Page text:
By conducting a multi-omic study of the microbiome, a multi-institutional research team acquired a comprehensive view of functional dysbiosis in the gut microbiome during inflammatory bowel disease (IBD). The researchers, participants in the second phase of the Human Microbiome Project, report that they have identified promising new targets for potential IBD treatments, including polyunsaturated fatty acids, bile acid derivatives, and human immune response pathways.
The new study, which was led by researchers from Harvard T.H. Chan School of Public Health and the Broad Institute of MIT and Harvard, demonstrates how new data, tools, and protocols may improve research on IBD and the microbiome. First, the new study obtained detailed measurements that made it easy to observe and confirm findings from previous studies, such as a reduction in overall gut ecological diversity and the gain and loss of specific “pro-” and “anti-inflammatory” microbes during disease.
More importantly, the suite of tools deployed for this study allowed researchers to determine the reasons for the changes. The results showed that during periods of disease activity, people with IBD had fewer microbially derived chemicals, which they speculated could be due to a combination of factors, including less beneficial microbial metabolism, poorer nutrient absorption, greater water or blood levels in the bowels, and more urgent bowel movements. These factors decreased the overall stability of the gut microbial ecosystem, leading to more episodes of improper immune responses and overreaction to the normal gut microbiome among IBD patients.
Detailed findings appeared May 29 in the journal Nature, in an article titled, “Multi-omics of the gut microbial ecosystem in inflammatory bowel diseases.” The article describes the collection of microbiome measurements—metagenomic, metatranscriptomic, metabolomic, and others—that correspond to active and non-active disease states. The findings showed that different forms of IBD—Crohn’s disease compared with ulcerative colitis, for instance—had different effects on the activity and composition of the microbiome.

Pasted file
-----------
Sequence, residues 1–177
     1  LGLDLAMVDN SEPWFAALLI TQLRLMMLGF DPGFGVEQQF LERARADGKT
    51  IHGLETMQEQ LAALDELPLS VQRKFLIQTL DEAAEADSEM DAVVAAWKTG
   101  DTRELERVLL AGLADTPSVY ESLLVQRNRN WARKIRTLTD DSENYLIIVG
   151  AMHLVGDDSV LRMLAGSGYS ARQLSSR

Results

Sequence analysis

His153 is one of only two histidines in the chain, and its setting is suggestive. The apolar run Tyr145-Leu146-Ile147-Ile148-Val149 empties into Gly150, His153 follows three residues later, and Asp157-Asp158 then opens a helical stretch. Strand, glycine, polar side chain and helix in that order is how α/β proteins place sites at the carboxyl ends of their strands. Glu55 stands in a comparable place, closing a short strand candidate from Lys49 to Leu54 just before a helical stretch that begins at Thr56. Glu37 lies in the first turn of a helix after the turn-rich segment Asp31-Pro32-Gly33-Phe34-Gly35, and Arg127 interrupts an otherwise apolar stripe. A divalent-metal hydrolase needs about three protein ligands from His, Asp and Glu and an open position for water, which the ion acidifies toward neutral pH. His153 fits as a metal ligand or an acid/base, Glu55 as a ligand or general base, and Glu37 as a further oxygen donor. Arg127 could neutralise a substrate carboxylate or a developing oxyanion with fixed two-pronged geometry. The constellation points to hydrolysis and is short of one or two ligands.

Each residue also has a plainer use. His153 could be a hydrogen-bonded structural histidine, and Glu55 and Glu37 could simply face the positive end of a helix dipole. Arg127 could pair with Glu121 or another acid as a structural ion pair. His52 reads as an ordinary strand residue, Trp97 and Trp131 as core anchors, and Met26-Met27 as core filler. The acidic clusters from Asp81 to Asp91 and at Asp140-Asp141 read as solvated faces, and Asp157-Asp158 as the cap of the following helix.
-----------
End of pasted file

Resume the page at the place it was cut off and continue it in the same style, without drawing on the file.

“We followed 132 subjects for one year each to generate integrated longitudinal molecular profiles of host and microbial activity during disease (up to 24 time points each; in total 2,965 stool, biopsy, and blood specimens),” wrote the article’s authors. “We demonstrate a characteristic increase in facultative anaerobes at the expense of obligate anaerobes, as well as molecular disruptions in microbial transcription (for example, among clostridia), metabolite pools (acylcarnitines, bile acids, and short-chain fatty acids), and levels of antibodies in host serum.
“Periods of disease activity were also marked by increases in temporal variability, with characteristic taxonomic, functional, and biochemical shifts. Finally, integrative analysis identified microbial, biochemical, and host factors central to this dysregulation.”
The gut microbiome is a community of trillions of microbes, including bacteria, viruses, and fungi. Each person has a distinct microbiome, and research indicates that the microbiome plays an important role in numerous diseases, including IBD, which affects more than 3.5 million people worldwide and is growing in prevalence. IBD is a chronic disease that is marked by periods of remission followed by flare-ups in which the disease becomes active.
“Given how tightly connected the microbiome is with our health and wellbeing, our results shed some light on how we might avoid the problems that arise when this relationship goes awry, and how we might be better stewards of these life-long companions,” said Jason Lloyd-Price, who worked on the study while a research scientist at Harvard Chan School and the Broad Institute and was lead author of the paper.
“Our results from this study pave the way for early detection of upcoming flares in disease activity—which can then be aggressively treated—or potentially for new biochemical therapeutic opportunities to encourage complete remission of IBD,” added Curtis Huttenhower, PhD, professor of computational biology and bioinformatics at Harvard Chan School and associate member at the Broad Institute and senior author of the study.